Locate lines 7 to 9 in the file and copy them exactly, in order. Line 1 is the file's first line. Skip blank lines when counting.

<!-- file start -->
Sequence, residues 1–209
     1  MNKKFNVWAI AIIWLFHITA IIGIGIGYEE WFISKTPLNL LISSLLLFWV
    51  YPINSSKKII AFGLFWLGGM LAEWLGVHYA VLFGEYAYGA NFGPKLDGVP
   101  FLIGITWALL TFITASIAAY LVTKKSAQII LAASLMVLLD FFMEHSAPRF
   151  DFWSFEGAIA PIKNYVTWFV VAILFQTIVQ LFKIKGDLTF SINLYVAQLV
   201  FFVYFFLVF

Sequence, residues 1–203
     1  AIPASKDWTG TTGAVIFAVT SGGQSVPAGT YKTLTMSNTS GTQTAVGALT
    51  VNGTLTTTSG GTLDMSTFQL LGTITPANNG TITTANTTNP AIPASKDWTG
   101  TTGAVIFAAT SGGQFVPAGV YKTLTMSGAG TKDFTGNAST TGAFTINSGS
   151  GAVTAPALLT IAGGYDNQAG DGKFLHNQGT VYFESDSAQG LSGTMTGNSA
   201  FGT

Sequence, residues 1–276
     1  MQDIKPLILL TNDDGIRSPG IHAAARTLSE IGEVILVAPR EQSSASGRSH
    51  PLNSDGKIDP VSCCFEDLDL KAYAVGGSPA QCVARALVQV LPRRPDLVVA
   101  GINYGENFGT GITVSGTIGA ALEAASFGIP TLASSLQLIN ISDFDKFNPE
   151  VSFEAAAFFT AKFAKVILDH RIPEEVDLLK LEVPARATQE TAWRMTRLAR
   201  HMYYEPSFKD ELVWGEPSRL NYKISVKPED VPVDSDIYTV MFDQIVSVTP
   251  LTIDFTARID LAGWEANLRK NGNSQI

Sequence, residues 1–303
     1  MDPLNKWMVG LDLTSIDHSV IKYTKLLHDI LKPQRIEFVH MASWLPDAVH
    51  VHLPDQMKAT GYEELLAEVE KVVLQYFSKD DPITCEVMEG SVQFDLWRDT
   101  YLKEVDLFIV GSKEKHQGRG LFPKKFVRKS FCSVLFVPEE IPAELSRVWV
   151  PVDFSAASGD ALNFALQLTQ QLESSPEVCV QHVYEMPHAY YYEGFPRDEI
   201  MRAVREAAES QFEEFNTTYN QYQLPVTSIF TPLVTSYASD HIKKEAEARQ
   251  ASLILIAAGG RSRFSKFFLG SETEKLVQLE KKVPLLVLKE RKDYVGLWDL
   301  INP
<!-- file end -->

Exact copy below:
Sequence, residues 1–203
     1  AIPASKDWTG TTGAVIFAVT SGGQSVPAGT YKTLTMSNTS GTQTAVGALT
    51  VNGTLTTTSG GTLDMSTFQL LGTITPANNG TITTANTTNP AIPASKDWTG